Chooch and his wife introduced themselves and asked about the tree letters. “He tells us that a young woman is on her way and that he plans to invite her to the prom. Well. I was pretty impressed with all his effort and told him that if things didn’t work out he could take me to the prom.”

Chooch and the trains.
Chooch with the choo-choos.

Luckily, things did work out—at least in the short term that was the Prom. “We ran the train through its paces for them and as they were leaving, I asked the young man what he planned to do with the pink letters. He said he was giving them to the young lady. I noted that he probably didn’t need the ‘question mark’ any more and he was gracious enough to leave it with me. It’s since been added to a growing collection of memorabilia which include thank you notes and numerous drawings of the railroad made by young children who have come on field trips. It was so nice being witness to what seemed to be a little old-fashioned event and to see young people acting like young people.”

Without perspective, the tracks could *almost* be life-size.
Without perspective, the tracks could *almost* be life-size.

The cache has been found 866 times and garnered 361 favorite points. Parts of the site have expanded without Chooch’s help, as people add objects to create vignettes of their own.

Chooch approves of the additions. “Since the railway has reached the limit of its expansion potential the vignettes afford the chance to add to the scene from time to time. A recent addition has been a string of miniature telephone poles sans any wires. This presents as a ‘wireless’ network and even provides a local hot spot.”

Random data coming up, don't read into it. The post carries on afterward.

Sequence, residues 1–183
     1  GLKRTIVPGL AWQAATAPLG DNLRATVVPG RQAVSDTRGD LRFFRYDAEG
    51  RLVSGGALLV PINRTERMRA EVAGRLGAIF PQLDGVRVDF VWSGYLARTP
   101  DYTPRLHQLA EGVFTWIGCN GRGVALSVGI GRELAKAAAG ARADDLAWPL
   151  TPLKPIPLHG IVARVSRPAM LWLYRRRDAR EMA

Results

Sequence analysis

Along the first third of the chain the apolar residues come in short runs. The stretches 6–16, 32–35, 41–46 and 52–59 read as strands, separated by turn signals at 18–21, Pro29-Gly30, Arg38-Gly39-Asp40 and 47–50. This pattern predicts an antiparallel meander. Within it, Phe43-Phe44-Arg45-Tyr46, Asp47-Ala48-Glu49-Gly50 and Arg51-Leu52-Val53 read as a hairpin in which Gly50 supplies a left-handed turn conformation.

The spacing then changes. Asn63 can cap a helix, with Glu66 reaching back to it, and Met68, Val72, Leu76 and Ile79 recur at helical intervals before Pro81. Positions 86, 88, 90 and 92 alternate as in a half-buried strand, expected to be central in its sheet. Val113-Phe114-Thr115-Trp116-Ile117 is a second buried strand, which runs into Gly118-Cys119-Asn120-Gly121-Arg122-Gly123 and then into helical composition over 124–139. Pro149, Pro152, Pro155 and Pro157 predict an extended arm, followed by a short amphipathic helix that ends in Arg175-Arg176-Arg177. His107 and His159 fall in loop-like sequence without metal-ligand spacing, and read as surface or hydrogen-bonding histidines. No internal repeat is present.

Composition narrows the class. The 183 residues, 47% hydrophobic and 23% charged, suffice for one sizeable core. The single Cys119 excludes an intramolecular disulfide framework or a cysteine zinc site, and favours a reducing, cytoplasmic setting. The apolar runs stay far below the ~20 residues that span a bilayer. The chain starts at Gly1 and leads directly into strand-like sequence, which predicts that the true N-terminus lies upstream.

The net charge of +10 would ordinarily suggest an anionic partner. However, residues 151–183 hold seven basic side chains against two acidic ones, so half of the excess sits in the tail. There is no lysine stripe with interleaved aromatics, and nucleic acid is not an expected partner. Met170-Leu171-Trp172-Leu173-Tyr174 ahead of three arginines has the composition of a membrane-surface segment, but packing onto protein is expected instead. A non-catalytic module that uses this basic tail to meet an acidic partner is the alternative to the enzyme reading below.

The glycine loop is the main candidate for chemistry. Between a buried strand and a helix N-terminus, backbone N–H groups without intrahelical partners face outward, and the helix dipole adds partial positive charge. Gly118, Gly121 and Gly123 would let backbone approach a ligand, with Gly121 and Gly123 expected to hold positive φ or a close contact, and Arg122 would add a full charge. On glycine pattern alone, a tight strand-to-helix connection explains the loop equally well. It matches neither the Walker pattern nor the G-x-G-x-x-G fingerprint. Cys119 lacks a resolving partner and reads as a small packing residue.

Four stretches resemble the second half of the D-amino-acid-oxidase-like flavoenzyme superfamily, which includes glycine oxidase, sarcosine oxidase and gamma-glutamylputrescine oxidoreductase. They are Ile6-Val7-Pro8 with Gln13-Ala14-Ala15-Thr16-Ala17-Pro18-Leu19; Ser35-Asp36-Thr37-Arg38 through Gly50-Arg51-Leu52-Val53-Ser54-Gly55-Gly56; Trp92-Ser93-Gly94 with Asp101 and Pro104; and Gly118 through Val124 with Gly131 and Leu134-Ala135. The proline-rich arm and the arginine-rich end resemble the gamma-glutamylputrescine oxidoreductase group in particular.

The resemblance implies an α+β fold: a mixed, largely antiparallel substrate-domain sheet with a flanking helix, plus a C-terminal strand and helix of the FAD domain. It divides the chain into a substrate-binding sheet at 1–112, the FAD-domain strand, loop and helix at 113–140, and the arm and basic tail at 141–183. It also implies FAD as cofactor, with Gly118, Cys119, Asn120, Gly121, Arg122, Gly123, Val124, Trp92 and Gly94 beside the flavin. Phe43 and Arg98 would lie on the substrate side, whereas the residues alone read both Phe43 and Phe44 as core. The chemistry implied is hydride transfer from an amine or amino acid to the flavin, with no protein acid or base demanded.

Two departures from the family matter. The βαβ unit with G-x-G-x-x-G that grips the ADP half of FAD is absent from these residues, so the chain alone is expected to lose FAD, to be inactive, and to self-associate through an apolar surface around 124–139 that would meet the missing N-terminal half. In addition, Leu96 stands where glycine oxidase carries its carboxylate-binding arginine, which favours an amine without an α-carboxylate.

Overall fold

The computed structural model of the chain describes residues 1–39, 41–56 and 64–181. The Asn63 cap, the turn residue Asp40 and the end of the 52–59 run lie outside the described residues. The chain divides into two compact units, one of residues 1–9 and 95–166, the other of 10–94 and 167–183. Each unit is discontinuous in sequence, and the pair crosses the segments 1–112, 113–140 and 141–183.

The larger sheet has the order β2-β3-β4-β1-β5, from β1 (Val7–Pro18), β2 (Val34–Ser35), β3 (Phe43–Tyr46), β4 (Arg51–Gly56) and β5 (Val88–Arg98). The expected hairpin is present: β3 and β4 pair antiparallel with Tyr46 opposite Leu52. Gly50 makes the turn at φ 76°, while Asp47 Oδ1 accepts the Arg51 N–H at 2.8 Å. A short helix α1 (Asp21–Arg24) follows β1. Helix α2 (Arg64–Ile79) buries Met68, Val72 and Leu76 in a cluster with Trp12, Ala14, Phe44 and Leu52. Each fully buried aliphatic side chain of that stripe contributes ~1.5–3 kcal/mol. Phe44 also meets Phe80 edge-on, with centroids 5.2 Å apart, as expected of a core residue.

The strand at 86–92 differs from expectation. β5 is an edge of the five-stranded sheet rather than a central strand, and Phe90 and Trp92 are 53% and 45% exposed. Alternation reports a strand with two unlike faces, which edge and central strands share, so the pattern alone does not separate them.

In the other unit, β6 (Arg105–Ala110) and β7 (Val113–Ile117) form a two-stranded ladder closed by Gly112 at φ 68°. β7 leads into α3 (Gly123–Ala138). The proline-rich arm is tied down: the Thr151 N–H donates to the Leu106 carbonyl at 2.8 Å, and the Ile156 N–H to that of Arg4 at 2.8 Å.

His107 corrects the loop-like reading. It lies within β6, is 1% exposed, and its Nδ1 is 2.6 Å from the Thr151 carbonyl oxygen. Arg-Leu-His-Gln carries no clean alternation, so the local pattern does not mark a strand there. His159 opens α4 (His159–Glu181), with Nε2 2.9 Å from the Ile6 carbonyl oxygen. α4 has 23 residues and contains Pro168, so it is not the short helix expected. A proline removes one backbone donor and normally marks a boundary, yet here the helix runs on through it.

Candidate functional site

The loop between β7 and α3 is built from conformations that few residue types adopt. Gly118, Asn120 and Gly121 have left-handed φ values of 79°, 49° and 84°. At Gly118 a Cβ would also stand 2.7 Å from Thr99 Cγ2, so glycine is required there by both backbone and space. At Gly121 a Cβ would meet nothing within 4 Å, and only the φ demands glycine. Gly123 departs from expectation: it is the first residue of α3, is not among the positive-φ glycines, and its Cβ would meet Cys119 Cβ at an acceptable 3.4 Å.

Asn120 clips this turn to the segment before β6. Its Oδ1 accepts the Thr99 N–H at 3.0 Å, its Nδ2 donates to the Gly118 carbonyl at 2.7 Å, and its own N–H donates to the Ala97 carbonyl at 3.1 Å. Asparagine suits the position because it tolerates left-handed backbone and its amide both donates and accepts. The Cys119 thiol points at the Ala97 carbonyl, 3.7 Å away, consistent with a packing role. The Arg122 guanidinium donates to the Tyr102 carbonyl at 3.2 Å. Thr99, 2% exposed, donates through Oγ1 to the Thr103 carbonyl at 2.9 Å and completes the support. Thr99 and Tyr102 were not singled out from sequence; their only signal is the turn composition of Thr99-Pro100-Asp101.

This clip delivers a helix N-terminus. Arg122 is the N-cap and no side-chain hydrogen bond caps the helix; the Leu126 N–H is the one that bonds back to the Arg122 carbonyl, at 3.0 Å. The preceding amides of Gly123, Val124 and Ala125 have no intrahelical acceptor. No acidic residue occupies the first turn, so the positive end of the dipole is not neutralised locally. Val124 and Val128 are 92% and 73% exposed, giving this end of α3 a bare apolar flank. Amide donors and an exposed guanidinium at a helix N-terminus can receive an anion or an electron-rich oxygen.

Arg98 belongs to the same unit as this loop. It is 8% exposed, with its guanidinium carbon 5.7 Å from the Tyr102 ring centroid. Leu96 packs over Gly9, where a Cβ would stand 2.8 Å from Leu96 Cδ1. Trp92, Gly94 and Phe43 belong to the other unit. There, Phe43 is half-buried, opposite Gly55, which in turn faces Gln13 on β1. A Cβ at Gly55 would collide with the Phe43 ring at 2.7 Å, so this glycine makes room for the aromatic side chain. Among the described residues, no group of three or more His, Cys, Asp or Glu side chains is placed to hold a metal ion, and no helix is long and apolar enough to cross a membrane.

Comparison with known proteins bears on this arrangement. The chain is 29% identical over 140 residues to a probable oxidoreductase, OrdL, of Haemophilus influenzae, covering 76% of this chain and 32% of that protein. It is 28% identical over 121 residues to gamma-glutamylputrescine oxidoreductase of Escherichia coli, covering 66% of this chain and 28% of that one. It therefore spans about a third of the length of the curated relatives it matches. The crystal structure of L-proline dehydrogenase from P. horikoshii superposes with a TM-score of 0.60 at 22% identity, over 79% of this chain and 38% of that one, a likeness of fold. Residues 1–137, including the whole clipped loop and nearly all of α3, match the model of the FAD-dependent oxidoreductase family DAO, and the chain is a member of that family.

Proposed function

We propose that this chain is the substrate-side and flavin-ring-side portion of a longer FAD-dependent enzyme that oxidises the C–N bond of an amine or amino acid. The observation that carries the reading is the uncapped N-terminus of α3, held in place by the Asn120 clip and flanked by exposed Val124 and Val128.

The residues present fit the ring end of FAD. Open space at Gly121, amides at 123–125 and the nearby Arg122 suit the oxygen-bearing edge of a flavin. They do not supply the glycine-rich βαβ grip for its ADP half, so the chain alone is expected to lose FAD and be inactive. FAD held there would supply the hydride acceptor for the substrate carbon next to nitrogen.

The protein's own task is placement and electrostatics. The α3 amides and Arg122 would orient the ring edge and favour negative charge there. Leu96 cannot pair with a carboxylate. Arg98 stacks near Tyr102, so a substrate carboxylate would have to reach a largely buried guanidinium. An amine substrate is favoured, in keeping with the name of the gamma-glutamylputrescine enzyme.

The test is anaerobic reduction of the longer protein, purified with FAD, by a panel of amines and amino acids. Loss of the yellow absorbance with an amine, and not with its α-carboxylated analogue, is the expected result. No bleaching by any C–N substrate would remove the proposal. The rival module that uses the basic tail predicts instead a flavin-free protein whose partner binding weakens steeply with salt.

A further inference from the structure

Chooch is a retired design engineer and built the railway himself, but he isn’t too effusive about how it was constructed. In a previously published article, he wrote, “I realize as I put these words to paper that this story is pretty light on technical details. In truth there is not very much technology involved here. In fact I guess it’s more of a love story and as such may not even be appropriate for the pages of Garden Railways.”

But geocaching is all about love, so it’s perfect for here.

Photos:

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Martini Junction from the air.
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Mammoth crossing.
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Full steam ahead!
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Chooch, left, demonstrates the railway for a visitor.
JiggitySquibs and mark their 2000th find at The Depot.
JiggitySquibs mark their 2000th find at The Depot.
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A side view of the stations, with the picnic area / cocktail bar in the background.
A young geocacher testing out the waterfall and waterwheel.
A young geocacher testing out the waterfall and waterwheel.
How big is this lookout tower really?
How big is this lookout tower really?
A vignette depicting the railway maker himself.
A vignette depicting the railway maker himself.

Continue to explore some of the most amazing geocaches around the world.
Check out all of the Geocaches of the Week on the Geocaching blog. If you would like to nominate a Geocache of the Week, fill out this form.

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Geocaching and Law Enforcement Agency Partnership

You have the right to remain….geocaching!